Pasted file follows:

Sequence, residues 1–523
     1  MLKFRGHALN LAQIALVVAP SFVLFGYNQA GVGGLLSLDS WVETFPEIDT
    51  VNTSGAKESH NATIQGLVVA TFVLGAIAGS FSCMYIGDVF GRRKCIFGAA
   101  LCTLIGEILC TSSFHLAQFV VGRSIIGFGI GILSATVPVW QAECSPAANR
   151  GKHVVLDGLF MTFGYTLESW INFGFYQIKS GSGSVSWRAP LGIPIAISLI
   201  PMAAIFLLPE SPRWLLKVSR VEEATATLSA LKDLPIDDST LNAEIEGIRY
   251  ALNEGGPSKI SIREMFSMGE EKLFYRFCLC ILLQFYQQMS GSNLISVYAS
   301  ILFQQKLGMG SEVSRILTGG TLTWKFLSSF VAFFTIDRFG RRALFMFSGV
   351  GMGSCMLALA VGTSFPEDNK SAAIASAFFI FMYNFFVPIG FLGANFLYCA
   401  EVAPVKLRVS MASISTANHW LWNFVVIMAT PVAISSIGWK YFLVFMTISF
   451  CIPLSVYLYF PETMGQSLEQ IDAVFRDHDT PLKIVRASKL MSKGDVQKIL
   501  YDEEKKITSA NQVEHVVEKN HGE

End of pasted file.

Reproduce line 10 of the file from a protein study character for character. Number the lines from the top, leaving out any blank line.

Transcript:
   401  EVAPVKLRVS MASISTANHW LWNFVVIMAT PVAISSIGWK YFLVFMTISF